Boulder Creek


Forest Service Trail #221

Why? A truly fun creek to walk along plus a good late spring backpack.

Season: May through October, year-round if you snowshoe and aren’t worried about ice.

Ease: Easy to moderate depending on the distance hiked.

Boulder Creek always has been a fine day hike of 4 miles or so one-way. It features include a lovely creek full of the boulders that give it its name, views of some higher spots across the Lochsa and Boulder itself, and a fine waterfall down Cantelope Creek. But a relatively sort day hike over those miles to the junction with the trail to Stanley Hot Springs misses many other delights that the Creek has to offer, even if you only walk another 4 miles or so, to Horse Camp. Plus these next miles are a whole lot less traveled.

The first four miles of trail start with a couple of switchbacks and fine views back to the campground area. (If you were camped there, in loop C, you might even be able to spot your tent.) Then the trail settles into being above the creek, way above, and mostly in the open. There are views back across the Lochsa River of Fish Butte and views across Boulder Creek of Lochsa and Cantelope peaks. There’s a lovely waterfall down Cantelope Creek, and lots of green trees on that side of Boulder, too.

When you hike farther, the first thing you’ll notice, besides the solitude, is that the trail becomes more in the woods and much less in the open. That continues, even when the creek resumes its primarily eastward path (Yes, I know that the path of the river is really in the other direction, toward where I’m coming from, not where I’m headed), with exceptions here and there for rocky outcrops.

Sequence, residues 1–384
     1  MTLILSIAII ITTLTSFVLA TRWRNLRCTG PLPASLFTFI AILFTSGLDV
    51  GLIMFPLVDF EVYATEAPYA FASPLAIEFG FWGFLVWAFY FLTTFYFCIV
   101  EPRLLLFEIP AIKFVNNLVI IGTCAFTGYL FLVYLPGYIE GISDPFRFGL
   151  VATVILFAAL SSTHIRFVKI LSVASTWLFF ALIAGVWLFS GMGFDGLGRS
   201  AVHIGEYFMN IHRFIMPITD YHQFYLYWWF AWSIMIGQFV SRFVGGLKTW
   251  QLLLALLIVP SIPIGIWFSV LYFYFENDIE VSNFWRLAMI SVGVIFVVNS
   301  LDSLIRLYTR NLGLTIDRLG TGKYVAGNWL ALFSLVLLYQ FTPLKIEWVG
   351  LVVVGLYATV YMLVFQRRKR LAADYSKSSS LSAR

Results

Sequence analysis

The second thing you’ll notice is that this is one screamin’ waterway, at least in May. It’s a foaming, roiling mass that can’t seem to get to its destination fast enough. It’s white water that I can’t imagine anyone even thinking of trying to run. It makes its destination river, the Lochsa (whose name means “rough water”), look staid and middle aged in comparison. And it’s varied. By the time we got to Horse Camp, we felt we had seen all possible permutations and combinations of how white water happens.

Not that the creek isn’t all of this and more in the lower miles, when it’s got even more water in it. But above the trail junction, the creek is almost on level with the trail instead of far below, and the noise of the water and thus its intensity are much more immediate.

My favorite spot along the trail comes about halfway between the Stanley trail and Horse Camp. There’s an abrupt corner of rock that re-routes the creek some yards to the south and heralded the beginning of more open slopes above, more slabs of rock near the trail. The corner has rock fall, rock walls and an especially impressive bit of creek alongside, plus a waterfall down Thimble Creek across the way.

Directions: Wilderness Gateway is between mileposts 122-123 on Highway 12. The trailhead parking is on the right, just after Camping Loop C. Take the footpath out of the eastern side of the parking lot or walk back down the road to the trailhead just past the bridge over Boulder Creek. (The footbridge currently is closed.)

Information: Lochsa Ranger District, CWNF, (208) 926-4274

Maps: USGS Huckleberry Butte and Greenside Butte, Idaho.

Connections: Wilderness Gateway makes a good destination for a hike from Big Fog Saddle. Later in the year, when the water is lower, it would be possible to hike across Boulder and up Surprise Creek to the Seven Lakes area. Or continue past Horse Camp by crossing Pell Creek. Both Boulder and Pell were higher than I wanted to cross the Memorial Day Weekend I hiked to their junction.